Rashid Amir: Picture four guys that used to run the town coming back together after some time. That’s the whole idea of the album, we come together with a plan to take back what we once controlled, the places we used to roam, the streets we know, because it’s now run by this kingpin who’s fucking it all up. Now we're on some “save the day” tip and we run through a few different situations along the way, which is why it’s best to listen to the album from start to finish. Plus, it’s a concept album, so why not take advantage of that?
X Maximus: The objective with this project was to create and develop a story. One of those wild Quentin Tarantino stories. Actually, if you think about it, Still Untitled could be a musical. Let's shop that! {laughs} But we hadn't heard a conceptual album in sooo long, we decided that element in hip-hop had been disintegrated and someone needed to bring it back. We wanted to cover modern topics, and discuss the new wave of society; accepting homosexuality, bright tight jeans, the illuminati, the recession.
Steph L.V: We’re all about giving a little bit of everything, so we tried to come up with concepts that everybody can relate to.
Real: Also, we didn't want the music on this album to seclude any demographic. We wanted this LP to be heard by anybody and loved by all. The album is broken up like a theatrical play. ACT 1: The Plot, ACT 2: The Escape, ACT 3: The Climax, ACT 4: The Downfall. The poetry narration was done by Kristine Anderson, and the production on this album was essential. We were annoyed with the typical hip hop beat, with same loop, the same snares, same drums. Our task was to add more breaks in our beats, as well as switch up the tempo and bring in a different melody, then return with the original beat. Having the same vibe from the beginning to the end of a song is corny to me.

Adam Bernard: Speaking of switching things up, groups are kind of an anomaly these days. Why do you think that is?
X Maximus: I guess it’s the money. That’s one of our advantages as a group; it’s not about the money. It would be kinda nice to get paid, but fuck it, if we don't, we don't. We’ll keep makin hot records, keep networking, keep grinding. Forreal forreal, I feel more comfortable broke. {laughs}
Steph L.V: We don’t let the hype of the industry dictate how we operate, we do this strictly for the love of music.
Real: There are also a lot of groups that aren't honest with each other, so that brings about behind the back talking. With us, we really don't have an issue with telling each other "Fuck You." I think you need that element. Just be honest. I DON'T LIKE MAXIMUS. That's my brotha till death, but that doesn't mean that I don't want to fuck him up. I don't want to fake the front for the public. It be those same groups that look so cute and picture perfect together that behind the scenes can't even talk to each other. With R.Me you don't have to worry about if we have issues with each other, we'll tell you.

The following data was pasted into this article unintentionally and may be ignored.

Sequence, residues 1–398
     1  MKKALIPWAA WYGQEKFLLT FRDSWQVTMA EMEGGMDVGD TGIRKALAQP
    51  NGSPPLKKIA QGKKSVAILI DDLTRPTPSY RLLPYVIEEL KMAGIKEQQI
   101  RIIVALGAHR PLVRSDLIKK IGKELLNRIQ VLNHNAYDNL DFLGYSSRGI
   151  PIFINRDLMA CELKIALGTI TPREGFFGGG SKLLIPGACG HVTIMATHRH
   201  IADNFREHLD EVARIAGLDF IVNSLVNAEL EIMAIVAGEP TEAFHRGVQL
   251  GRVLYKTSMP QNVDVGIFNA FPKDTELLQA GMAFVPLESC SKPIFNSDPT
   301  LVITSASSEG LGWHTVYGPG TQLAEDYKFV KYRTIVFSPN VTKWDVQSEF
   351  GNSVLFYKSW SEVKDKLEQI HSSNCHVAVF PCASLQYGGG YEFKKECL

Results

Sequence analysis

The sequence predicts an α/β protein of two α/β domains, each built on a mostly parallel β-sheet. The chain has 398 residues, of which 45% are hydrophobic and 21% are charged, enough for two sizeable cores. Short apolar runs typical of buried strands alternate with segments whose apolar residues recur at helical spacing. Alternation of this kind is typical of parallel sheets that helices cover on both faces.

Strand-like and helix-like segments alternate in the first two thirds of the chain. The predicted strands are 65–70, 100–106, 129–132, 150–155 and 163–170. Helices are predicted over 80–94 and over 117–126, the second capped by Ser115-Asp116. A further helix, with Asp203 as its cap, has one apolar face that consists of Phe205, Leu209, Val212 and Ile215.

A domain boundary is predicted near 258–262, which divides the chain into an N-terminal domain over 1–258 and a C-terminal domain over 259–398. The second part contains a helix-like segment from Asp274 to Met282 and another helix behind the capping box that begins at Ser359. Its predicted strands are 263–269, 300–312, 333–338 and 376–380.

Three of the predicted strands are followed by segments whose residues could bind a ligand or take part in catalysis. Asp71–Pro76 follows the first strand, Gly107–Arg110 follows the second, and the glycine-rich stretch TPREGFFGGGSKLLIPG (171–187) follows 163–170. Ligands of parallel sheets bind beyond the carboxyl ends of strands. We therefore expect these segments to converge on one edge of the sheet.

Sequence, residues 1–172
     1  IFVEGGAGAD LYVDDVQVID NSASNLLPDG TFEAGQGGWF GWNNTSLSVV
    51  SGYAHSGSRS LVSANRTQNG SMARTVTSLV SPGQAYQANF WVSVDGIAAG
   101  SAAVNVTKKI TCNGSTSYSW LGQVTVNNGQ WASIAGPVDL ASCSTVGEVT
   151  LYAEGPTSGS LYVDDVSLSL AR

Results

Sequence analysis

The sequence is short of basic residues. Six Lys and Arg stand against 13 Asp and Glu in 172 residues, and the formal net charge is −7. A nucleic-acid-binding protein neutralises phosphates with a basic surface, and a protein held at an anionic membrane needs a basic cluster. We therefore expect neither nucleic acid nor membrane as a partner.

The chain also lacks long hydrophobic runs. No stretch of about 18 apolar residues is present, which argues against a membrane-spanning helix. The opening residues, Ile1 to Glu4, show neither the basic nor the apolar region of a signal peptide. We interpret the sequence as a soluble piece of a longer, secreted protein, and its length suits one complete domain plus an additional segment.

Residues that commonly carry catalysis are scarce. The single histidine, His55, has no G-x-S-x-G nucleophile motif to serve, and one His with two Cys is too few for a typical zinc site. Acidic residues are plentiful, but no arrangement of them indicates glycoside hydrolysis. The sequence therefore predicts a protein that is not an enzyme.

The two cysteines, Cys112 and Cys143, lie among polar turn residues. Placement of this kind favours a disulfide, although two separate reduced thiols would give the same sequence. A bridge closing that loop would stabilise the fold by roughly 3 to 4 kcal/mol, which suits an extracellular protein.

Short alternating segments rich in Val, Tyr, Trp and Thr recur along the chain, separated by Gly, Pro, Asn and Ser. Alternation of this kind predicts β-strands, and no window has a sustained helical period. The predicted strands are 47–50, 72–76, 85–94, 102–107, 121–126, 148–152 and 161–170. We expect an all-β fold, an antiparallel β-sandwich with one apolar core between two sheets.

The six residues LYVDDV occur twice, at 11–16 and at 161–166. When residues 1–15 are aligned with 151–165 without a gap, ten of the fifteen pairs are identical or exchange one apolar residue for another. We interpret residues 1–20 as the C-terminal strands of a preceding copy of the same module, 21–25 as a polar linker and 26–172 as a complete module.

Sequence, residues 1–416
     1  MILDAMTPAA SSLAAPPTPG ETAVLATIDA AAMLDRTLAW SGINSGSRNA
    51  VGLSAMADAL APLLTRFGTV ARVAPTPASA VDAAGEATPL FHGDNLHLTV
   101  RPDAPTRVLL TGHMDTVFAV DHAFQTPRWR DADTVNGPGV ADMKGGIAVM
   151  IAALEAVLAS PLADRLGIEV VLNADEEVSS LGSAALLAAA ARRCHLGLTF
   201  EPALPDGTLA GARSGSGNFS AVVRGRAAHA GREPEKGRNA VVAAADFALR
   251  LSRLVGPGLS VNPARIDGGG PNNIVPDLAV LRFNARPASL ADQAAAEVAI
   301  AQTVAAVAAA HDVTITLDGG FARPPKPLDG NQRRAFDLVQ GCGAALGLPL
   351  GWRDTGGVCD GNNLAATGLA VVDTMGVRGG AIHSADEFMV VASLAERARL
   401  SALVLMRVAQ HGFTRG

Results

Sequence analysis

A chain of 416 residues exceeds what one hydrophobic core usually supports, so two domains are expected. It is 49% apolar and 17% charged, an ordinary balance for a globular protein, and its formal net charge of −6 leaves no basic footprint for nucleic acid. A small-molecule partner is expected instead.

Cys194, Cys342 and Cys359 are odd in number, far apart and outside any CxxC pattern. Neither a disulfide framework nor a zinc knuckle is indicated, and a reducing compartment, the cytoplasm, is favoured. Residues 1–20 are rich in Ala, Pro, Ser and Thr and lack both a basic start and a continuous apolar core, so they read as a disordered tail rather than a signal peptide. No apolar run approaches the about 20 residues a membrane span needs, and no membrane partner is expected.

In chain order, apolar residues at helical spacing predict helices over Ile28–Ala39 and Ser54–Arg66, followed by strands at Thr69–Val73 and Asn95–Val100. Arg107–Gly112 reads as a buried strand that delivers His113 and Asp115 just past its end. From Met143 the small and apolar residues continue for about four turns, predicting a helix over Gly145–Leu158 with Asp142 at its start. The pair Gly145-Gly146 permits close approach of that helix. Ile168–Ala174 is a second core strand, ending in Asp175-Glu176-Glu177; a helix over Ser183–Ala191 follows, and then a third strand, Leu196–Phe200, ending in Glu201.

Adam Bernard: Finally, I know you can’t reveal it all, but give some insight as to what your plan is for world domination.
Rashid Amir: {laughs} World domination is the plan, it’s the steps taken to get there that matter. We’re four young guys with tons of determination, charisma, and purpose to do more than what you see us doing right now.
Real: I really want to develop an empire that is built on progress and uplifting people that would be structured by different teams. I came up with this idea for Rebels Music Empire in 2007 from a former slave named Tunis Campbell who took other former slaves to St. Catherine's Island in Georgia where they developed their own government and prominent community. From that idea I want to build a foundation with artists, photographers, bloggers, promoters, etc. and form a unified front where everybody can shine and become wealthy off our collaborations and alliances.
Steph L.V: We definitely want to do a lot for our families and our community, but it’s not only up to us (individually), we all have to chip in somehow.

Related Links

Website: rebelsmusicempire.com
YouTube: youtube.com/damiendecor
Twitter: twitter.com/rebelsmusic


posted by Adam Bernard @ 7:25 AM  
  • At 3:50 PM, Blogger The MC Faceman said…

    Dope interview!

  • At 4:05 PM, Blogger Warren said…

    Crazy Love for these dudes man! The

  • At 12:21 PM, Blogger freethinkingfemale said…

    I'm so proud of these guys. Sadly, artistic pursuits have been seen only as a commodity. It was good to read that these guys are in it for the love of the music and not merely the pursuit of money. So many black artist have sold their souls to gain the world, comprimising in the worst way, their morals and reiterating stereotypical images of blacks and the black community to those who know little to nothing about us. Keep up the good work R.ME!